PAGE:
Last fall we got news that the couple who ran a farm that we’d been buying eggs and pork from for about 3 years had decided to pack it in and close the farm. It was a bummer for us because there isn’t exactly a plethora of choices for truly pastured eggs in our area. In fact, we’ve been going without eggs for much of this winter, and this played a large part in our decision to take the plunge and get our own chickens this spring. (I’m sure it was a bummer for them too, I believe they plan to transition to some farm consulting and advocacy work.)
When the farm announced that they’d be selling a number of hog wholes and halves, both gilts (young females who have not had piglets) and sows (females who have had piglets). The gilts were about 200 lbs. live weight and the sows about 400 lbs. Because the sows were more mature, they promised a great quantity of quality pastured lard, our cooking fat of choice. (Here’s a long article on the benefits of pastured lard if you are interested.) We were nervous about the sheer quantity of meat that half a 400 lb. sow would provide. How much freezer space would it take? Would we get sick of pork long before it was gone? Would we regret the purchase if none of our friends wanted to buy any?
The sow itself would be $4.50 per lb. based on the post-slaughter hanging weight of the the half sow. We had a choice of whether to have it butchered at Willow Glen Meats for $1 per lb., or to go to the Rib King (aka Loren Ozaki) for a personal butchering lesson and more control over the cuts, for $2.50 per lb. We opted for the latter, for the control over the final product as well as an investment in learning how to do it ourselves in the future.
One thing to remember when procuring a whole or half animal directly from a farmer, is that things may not always adhere to a rigid schedule. We expected our half sow to be delivered to the butcher on a Friday and weren’t sure when to schedule our butchering lesson, since I had a 5 day business trip starting that Saturday. We assumed we’d schedule the butchering after I got back. How things really happened: We got a call on Thursday from Loren, to let us know the meat had already been dropped off and was hanging in his fridge. And pork can’t hang and age like beef can, so could we come in in the next few days for our butchering lesson? I wrote my boss what was probably the most unusual time-off request ever in a silicon valley biotech startup, asking if I could take the next day off to butcher my pig. She graciously agreed, and we headed over the meet The Rib King at his shared kitchen (The Butcher, The Baker, The Wedding Cake Maker, isn’t that a great name?).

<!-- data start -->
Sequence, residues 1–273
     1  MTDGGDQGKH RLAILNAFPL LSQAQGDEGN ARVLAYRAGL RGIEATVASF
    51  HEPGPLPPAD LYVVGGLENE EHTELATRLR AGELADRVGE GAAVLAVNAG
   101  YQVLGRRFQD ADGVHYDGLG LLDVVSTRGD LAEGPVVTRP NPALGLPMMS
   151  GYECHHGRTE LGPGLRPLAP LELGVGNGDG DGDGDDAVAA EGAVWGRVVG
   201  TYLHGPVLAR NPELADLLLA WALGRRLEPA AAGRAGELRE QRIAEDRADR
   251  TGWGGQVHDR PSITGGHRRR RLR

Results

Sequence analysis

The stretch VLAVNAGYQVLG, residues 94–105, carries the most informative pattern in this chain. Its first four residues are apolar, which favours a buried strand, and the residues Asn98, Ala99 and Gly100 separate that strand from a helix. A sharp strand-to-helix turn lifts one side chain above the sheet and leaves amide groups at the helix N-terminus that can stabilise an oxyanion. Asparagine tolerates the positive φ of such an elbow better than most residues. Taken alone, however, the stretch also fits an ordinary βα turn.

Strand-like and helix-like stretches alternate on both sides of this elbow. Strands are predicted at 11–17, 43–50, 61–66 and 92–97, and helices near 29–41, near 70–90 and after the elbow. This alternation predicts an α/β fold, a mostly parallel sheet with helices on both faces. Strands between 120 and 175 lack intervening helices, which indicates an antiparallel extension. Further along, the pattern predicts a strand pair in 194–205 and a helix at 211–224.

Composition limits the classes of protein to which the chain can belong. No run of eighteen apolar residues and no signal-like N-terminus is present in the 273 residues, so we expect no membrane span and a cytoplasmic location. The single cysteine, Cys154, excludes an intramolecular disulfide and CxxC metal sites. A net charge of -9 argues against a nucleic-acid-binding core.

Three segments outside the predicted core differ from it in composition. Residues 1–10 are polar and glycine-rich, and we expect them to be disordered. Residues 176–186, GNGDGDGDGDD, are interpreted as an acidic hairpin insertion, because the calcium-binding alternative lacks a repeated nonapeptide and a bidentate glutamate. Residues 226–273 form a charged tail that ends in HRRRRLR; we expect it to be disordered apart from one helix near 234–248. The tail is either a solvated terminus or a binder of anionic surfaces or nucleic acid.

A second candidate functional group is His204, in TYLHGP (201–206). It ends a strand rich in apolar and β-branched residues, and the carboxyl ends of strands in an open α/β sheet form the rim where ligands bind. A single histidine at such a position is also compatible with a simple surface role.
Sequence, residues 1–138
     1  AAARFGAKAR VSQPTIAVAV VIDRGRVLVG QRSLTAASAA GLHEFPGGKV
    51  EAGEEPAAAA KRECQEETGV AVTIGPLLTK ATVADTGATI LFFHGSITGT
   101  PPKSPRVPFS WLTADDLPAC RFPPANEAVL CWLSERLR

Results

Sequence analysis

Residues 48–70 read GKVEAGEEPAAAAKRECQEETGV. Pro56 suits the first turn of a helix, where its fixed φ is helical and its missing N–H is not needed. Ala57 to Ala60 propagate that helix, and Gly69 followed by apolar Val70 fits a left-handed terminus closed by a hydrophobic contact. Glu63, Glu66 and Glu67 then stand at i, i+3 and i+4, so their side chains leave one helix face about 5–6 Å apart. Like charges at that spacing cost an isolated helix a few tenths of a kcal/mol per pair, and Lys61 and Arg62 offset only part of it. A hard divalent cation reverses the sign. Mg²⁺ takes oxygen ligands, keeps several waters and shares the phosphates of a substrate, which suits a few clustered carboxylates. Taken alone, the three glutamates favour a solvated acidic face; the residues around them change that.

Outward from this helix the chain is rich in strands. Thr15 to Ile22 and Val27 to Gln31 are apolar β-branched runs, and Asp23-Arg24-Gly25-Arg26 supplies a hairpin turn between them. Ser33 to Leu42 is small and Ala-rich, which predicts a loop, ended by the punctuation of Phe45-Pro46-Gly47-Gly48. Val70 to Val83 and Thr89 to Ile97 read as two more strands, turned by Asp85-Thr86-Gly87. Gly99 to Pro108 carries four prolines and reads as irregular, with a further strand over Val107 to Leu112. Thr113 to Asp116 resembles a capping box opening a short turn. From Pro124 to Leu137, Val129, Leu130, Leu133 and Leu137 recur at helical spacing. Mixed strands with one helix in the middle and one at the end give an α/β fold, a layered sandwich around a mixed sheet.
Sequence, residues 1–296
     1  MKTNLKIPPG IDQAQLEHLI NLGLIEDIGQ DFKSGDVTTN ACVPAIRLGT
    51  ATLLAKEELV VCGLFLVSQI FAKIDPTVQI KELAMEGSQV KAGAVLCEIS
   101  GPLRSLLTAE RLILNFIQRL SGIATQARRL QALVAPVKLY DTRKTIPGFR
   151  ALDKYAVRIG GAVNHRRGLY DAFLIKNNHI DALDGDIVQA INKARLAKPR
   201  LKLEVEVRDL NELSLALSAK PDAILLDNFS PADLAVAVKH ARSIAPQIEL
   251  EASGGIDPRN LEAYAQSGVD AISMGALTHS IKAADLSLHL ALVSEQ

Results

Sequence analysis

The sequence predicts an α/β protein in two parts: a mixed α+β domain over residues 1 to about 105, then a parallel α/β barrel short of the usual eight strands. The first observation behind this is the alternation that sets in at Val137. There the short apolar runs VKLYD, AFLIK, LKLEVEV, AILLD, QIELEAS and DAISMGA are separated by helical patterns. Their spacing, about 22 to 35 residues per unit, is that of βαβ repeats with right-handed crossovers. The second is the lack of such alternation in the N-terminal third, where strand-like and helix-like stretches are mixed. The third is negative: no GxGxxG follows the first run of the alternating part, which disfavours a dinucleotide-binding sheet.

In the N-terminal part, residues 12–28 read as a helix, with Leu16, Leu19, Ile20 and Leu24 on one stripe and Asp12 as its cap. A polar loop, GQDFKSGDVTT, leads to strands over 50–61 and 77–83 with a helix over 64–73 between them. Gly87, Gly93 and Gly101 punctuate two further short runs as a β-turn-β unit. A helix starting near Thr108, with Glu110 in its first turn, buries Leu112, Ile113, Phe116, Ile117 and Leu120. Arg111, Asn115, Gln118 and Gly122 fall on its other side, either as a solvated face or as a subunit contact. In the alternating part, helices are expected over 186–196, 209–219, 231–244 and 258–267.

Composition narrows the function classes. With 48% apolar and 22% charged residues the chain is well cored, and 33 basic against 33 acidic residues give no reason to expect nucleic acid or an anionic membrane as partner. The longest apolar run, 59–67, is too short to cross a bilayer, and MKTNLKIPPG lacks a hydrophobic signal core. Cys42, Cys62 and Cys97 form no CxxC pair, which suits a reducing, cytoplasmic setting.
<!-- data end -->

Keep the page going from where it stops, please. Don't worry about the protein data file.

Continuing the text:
Some lessons learned:
- You can’t have bone-in pork chops AND ribs, the bone in the the bone-in chop IS the rib.
- Speaking of ribs, even if you start with half of a 400 pound animal, there are only a certain number of ribs per pig. This number is not enough to share with friends.
- Also speaking of ribs, baby back ribs are not from baby pigs, they are just the smaller portion from the back of the animal. The longer portion that wraps around the side of the pig are called the spare ribs.
- There are many roasts on a big pig – I think we had about a dozen different roasts.
- A ham is just a roast until you cure it.
- Tenderloin makes the most awesomely tender ham you’ve ever tasted, if you’re wiling to use it that way (there’s also only one tenderloin per half animal)
- And finally: There’s never enough bacon.
Here’s some big pieces of pig:
Click on the image above for a gallery of photos of the whole process. (And P.S…See that thick layer of fat? That is some quality pastured lard right there. It’s going to keep us in cooking fat for at least a year.)
Oh and one more, here’s the final haul (about 145 pounds) after we stuffed it all into my parent’s freezer: